The current Commanding Officer (CO) was part of the selection and trials crew when it was mooted the RAN may (originally) lease such a ship. The reason why the Navy wanted such a “Heavy Lift” vessel was for that reason, to lift heavy equipment such as  bulldozers, large road making equipment and clean up type equipment, and to be ready to sail anywhere anytime to assist in time of need. For example as post cyclone damage and lift and carry urgently needed food and supplies for a stricken city or town in the wake of a civilian emergency, both here in Australia and where needed around our close neighbouring countries. This type of vessel is ideal. The Brits were being forced to downsize anything military due to financial restraints and we happened to have an immediate need for such a vessel. Apparently the RFA didn’t want to see her go, but were forced to do so by the Government of the day.

The powers that be decided to purchase outright what was the “RFA Lares Bay” Pennant number L 3008.

The vessel underwent extensive testing by the RAN shadow crew and the ship was dry docked and brought up to Australian requisite standards. Interesting is the fact she has a Lloyds of London Commercial Certification that the RAN keeps current, to cruise ship general requirements. All crew, currently 150 Navy and 20 Army, have their own shared merchant navy type cabins with own shower and toilets (what a ship for your first sea going posting, it’d spoil you rotten). Senior NCO’s and Officers have their own single cabins ... time to reconsider re-joining the “Grey Funnel Line” but my age is now a technical problem. On board there’s 488 bunks, cots, beds whatever you’d like to call them. That means they can embark in addition to their crew a further 318 Army personnel as required. She is a ship without self-protecting weapons, for her task is to lift and carry, but can be weaponised if the situation should ever arise on her humanitarian duties.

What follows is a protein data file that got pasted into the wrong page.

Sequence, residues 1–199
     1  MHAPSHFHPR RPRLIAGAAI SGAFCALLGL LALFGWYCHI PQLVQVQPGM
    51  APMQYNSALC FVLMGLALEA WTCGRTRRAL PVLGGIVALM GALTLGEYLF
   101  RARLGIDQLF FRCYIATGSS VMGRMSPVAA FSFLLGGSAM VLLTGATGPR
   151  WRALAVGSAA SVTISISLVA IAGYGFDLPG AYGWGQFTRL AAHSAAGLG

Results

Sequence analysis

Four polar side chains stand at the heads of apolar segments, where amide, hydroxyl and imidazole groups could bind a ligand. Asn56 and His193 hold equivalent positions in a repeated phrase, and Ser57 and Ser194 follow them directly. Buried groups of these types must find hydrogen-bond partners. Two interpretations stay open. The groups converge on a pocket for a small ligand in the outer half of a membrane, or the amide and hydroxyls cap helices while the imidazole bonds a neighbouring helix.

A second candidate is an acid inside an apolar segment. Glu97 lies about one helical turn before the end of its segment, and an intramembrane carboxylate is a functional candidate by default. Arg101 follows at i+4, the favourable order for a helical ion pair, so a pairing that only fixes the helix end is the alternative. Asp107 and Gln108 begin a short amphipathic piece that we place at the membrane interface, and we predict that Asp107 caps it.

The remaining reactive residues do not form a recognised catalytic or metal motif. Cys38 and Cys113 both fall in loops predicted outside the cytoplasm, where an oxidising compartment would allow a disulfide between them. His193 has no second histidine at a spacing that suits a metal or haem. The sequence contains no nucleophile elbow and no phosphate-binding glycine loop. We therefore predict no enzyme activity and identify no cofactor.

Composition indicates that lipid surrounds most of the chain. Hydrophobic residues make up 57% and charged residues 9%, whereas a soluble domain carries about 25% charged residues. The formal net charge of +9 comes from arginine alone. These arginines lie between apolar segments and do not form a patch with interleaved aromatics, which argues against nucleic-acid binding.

Soon after the ship arrived in Australia you may recall the media hype about it being a lemon. The fact was the generators had a built in design fault. It was discovered and as HMAS Choules had probably done more continuous steaming (Naval term for being driven) than when in the employ of the RFA, it was the first ship to experience the breakdown of the generators. All six were replaced and I believe the Brits are doing the same with the three ships they have left so they won’t have the same future problem.